Despite four years of dominance Red Bull have been the surprise in F1 2014 as Mercedes have become the force to be reckoned with.
It was largely expected that this year was set to be the year of the Mercedes, the German carmaker had been building up to the new V6 era ever since they returned in 2010 and with their budget and standard of personnel anything other than the championship would have been a disaster.
Their level of dominance isn't a surprise either, considering how much more time and effort they put into their 2014 project, compared to those around them - and allied to the complexity of the new power units - they really were in the primmest of positions heading into this year.
Even Williams, a team who have been so far in the doldrums in recent years, and their rebirth, so to speak, is less of a surprise.
If you consider they have been working on hybrid units for several years and add that to a car with a streamline body and the best engine on the grid, then the shock of seeing Valtteri Bottas standing on the podium for the three straight races begins to go away.
Anti-Red Bull rules
For Red Bull, however, there was nothing particularly positive about the huge raft of rule changes.
The banning of the blown diffuser, a concept the design team, including a certain Adrian Newey, had perfected over recent years had now gone and the areas for aerodynamic exploitation even fewer and further between.
Then there was their engine supplier Renault, despite it being their idea to switch to the new smaller hybrid power units, they had the smallest budget and the smallest workforce of the three engine suppliers.
The belief that Red Bull's reign in F1 was coming to an end seemed vindicated when, during pre-season testing, the RB10 was proving incompatible with its new Renault heart as the car overheated, miscommunicated and generally lacked any kind of reliability. Also when it did run times were depressingly slow.
There was the genuine thought heading to the first race in Melbourne that the team which had won the final nine races of 2013 would struggle to complete a race distance and even if it did, be well off the pace.
Incredibly, however, by the time the first race in Australia occurred things appeared much rosier.
The car was running relatively well and then on a wet Saturday evening Daniel Ricciardo almost put Red Bull on pole to the shock of everyone.
On Sunday, the man from Perth was easily able to run at the front and while Sebastian Vettel was forced to retire early on, problems for Lewis Hamilton meant Mercedes too were far from bulletproof.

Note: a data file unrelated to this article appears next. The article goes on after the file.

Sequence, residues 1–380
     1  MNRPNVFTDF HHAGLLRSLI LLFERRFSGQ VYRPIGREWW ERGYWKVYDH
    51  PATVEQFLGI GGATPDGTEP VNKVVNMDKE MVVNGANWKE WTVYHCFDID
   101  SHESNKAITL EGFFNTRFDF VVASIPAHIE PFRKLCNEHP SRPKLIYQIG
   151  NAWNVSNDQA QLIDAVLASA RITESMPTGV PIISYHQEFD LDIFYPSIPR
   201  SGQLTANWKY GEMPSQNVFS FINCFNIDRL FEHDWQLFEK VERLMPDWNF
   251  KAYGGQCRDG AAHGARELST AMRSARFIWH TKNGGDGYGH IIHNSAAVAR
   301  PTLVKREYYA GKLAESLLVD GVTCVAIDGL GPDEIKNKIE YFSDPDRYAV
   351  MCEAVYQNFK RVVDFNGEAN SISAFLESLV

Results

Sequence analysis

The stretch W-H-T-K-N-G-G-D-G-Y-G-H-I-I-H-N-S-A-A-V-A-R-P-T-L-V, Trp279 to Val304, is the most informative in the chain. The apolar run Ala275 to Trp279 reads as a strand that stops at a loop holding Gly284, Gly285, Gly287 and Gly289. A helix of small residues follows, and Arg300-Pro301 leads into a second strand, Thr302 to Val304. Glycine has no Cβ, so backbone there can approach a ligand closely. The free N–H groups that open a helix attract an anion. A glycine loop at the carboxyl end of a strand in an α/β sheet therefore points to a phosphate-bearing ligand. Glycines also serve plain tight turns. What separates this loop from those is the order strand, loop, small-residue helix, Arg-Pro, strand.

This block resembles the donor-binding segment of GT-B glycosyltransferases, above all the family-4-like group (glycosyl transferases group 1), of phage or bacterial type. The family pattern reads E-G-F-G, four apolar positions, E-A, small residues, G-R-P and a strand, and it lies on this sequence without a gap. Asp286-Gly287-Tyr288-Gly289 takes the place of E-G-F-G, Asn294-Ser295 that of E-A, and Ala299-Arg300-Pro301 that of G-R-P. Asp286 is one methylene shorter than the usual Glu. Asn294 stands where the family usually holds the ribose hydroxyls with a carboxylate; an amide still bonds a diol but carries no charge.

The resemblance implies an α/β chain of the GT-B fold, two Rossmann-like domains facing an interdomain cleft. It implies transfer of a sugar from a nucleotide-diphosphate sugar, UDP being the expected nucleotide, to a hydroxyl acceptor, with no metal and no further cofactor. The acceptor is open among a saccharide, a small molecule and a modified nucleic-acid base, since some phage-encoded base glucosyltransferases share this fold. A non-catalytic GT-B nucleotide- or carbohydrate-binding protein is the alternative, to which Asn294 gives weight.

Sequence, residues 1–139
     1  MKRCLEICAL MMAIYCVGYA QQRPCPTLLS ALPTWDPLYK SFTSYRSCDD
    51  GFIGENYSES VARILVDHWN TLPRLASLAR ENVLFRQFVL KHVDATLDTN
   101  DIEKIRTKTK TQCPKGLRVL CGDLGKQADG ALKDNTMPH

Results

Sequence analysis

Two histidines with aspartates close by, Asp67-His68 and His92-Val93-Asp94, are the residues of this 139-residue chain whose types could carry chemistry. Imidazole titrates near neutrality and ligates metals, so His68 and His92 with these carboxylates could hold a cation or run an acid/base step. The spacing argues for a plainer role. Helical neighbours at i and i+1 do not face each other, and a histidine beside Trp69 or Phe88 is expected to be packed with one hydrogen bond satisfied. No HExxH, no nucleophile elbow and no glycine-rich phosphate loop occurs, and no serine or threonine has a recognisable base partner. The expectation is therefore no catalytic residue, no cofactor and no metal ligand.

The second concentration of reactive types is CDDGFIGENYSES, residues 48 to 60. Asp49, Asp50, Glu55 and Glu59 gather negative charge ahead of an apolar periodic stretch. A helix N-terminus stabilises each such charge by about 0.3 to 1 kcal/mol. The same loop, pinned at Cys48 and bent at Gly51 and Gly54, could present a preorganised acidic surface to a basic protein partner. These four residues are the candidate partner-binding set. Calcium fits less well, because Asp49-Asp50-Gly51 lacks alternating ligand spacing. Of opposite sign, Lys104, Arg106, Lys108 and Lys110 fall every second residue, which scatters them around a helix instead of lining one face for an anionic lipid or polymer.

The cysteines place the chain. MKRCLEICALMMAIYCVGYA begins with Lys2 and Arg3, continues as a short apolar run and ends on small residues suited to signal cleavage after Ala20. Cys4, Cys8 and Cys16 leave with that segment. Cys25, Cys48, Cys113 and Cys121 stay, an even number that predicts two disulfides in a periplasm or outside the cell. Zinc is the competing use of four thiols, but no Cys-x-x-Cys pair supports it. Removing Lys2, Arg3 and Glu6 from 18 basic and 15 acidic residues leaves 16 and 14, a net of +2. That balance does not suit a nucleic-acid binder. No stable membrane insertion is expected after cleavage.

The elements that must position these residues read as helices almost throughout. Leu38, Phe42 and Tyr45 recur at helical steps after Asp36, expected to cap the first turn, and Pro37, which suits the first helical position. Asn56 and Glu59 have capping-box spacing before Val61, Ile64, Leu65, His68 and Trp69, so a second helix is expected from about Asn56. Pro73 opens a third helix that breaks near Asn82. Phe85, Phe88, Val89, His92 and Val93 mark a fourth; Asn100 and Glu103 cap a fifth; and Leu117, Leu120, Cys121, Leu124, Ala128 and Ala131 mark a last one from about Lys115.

Of course we would then find that Ricciardo's car had been breaking the fuel flow limit and he was subsequently disqualified, but either way the signs were good that when the car worked Red Bull were competitive.
Right place at the right time
Despite the surprise as to just how high up the grid they were, it did not mean their problems were over. Sebastian Vettel has continued to endure reliability troubles and on engine-dependent circuits the lack of power remains a key issue.
However, the ability to get the best from what they have has helped Red Bull somehow remain ahead of the Mercedes customer teams and when the works Silver Arrows finally hit problems it was Ricciardo in the right place at the right time to take the win in Canada.
Of all the circuits, Montreal was probably one of the least likely venues for the team to score a win, but what it did was not only prove the doubters wrong, who claimed they could not win in an engine-led era, but also fully vindicated their choice to bring in Daniel Ricciardo to replace Mark Webber.
After their shock win, Red Bull had a slight dip as Williams emerged as the main rivals to Mercedes in Austria and Silverstone. But Ricciardo kept scoring the podiums and battling his way through and was again able to snatch the opportunity when it presented itself in Hungary to take a second win passing Lewis Hamilton and Fernando Alonso in the process.
On the contrary, Sebastian Vettel has continued to struggle to adapt with the drop in downforce and loss of the blown diffuser while the lack of power from the Renault power unit continues to prevent Red Bull from consistently challenging the Silver Arrows.
Indeed the next two races in Spa and Monza may see the team drop down the order once more as the mighty Mercedes engine powers the customer teams back into contention but what happens after that, in the final flyaways heading to Abu Dhabi, could make this perhaps Red Bull's finest year yet.
Ricciardo could still be considered a long shot for the title but if Mercedes' recent unreliability and possible battles between Nico Rosberg and Lewis Hamilton offer opportunities few would doubt the 'Honey Badgers' ability to capitalise.
Red Bull's best year?
It may seem daft to suggest this could be Red Bull's best year after four years of dominance but given where they were at the start of the year to where they are now, and potentially where they could be, it would be true to say the team has gained greater respect from this year than it did during the last four.
The only worrying part is for 2015, if Renault can get their act together and Red Bull can produce another great car, what's to say another period of, perhaps not domination, but increased success could be on the horizon?
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